Fast forward nearly six months and I call in to renew my plan. I’m quickly informed that not only am I not getting a continuation of my plan, but there are no notes in my account reflecting the previous conversation. Rubbing salt into the wound, I’m told that there are no new deals available for me at all. Knowing that the CSR was simply doing their job I asked to speak to a manager and I’m told none are available and that even if they were I would be presented with the same information.
As a business owner, moments like these hit on multiple levels. Fundamentally I’m a consumer in the moment, but I also think from a corporate level how things could have been done differently. I ponder if there is some forecast model for ISPs that know their pricing model is going to alienate a certain percentage of customers, but in the long term it “maths” out. I then wonder why hasn’t someone created a better model? While I contemplate all of these thoughts one thing is clear and I state it plainly to the CSR, “I have to let you go now as I clearly need to go and find a new ISP.” She politely asks if she can “help” me anymore, but we both know this obligatory statement is just the awkward end to a poor customer experience.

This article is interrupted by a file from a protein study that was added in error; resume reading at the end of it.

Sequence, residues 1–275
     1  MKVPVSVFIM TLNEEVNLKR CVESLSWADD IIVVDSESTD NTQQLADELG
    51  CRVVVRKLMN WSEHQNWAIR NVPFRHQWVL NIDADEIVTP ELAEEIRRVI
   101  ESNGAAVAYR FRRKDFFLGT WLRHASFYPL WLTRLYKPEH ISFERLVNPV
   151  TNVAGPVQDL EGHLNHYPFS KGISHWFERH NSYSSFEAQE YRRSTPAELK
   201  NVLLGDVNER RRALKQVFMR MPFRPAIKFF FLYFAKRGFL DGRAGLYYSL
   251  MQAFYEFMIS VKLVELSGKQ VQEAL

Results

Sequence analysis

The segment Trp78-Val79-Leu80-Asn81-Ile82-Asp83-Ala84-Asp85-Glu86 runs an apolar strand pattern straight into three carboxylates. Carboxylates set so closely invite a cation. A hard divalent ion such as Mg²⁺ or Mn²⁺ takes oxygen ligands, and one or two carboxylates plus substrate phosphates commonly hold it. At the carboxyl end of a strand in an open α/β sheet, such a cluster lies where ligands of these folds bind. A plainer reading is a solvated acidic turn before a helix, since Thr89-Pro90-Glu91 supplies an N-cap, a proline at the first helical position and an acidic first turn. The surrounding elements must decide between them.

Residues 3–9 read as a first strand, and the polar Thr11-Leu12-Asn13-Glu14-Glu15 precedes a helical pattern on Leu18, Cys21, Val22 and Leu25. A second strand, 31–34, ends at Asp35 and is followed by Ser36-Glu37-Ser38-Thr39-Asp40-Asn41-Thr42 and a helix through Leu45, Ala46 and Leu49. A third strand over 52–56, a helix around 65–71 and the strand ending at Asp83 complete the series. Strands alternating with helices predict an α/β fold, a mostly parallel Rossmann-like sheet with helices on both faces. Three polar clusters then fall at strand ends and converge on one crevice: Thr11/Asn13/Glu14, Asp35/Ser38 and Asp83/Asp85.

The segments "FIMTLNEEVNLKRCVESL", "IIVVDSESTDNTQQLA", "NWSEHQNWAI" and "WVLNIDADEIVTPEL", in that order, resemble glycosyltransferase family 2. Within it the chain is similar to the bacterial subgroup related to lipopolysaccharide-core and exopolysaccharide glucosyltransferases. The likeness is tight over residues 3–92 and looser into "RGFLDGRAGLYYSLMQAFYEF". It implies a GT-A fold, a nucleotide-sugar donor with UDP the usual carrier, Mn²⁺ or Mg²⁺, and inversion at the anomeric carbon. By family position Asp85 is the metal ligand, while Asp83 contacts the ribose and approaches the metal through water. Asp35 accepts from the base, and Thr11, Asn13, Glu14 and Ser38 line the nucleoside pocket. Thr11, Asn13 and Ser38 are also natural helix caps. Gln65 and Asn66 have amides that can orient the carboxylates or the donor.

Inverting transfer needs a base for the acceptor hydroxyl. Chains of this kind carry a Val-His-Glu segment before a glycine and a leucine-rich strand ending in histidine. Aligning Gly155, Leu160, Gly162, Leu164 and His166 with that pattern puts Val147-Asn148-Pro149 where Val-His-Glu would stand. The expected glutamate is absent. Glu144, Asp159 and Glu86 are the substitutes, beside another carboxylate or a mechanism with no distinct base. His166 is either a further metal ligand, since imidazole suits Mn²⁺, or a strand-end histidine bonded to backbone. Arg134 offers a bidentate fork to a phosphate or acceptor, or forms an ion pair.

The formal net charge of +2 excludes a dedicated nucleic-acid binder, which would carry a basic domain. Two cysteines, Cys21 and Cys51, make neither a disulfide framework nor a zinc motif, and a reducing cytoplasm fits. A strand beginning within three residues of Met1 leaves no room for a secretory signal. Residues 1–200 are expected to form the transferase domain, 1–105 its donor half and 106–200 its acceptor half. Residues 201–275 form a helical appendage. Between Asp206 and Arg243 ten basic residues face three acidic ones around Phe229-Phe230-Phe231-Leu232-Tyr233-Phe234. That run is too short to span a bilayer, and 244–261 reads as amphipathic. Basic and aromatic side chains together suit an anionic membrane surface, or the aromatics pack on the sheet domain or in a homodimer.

At this point I went with the alternative ISP option, and once it had been installed I called to cancel my Wave service. I was at least asked “why” and upon telling them it was based upon poor customer experience there was literally no effort to attempt to try and keep me as a client which I found disappointing from a business perspective.
As I mentioned before, Wave has got solid branding. It’s clean both visually and from a messaging perspective. They’ve chosen a soothing blue color pallet which is a nice differentiator from the red that a notable national ISP uses. They offer compelling plans and offers that are easy to understand and choose from. So what went wrong?
The disconnect between customer experience and marketing at Wave quickly became apparent when about a month after canceling my service I received a mailer with a headline, “Come back to Wave and save”. The piece looked good, and seemed catchy, but as you can imagine it landed like a fart in church.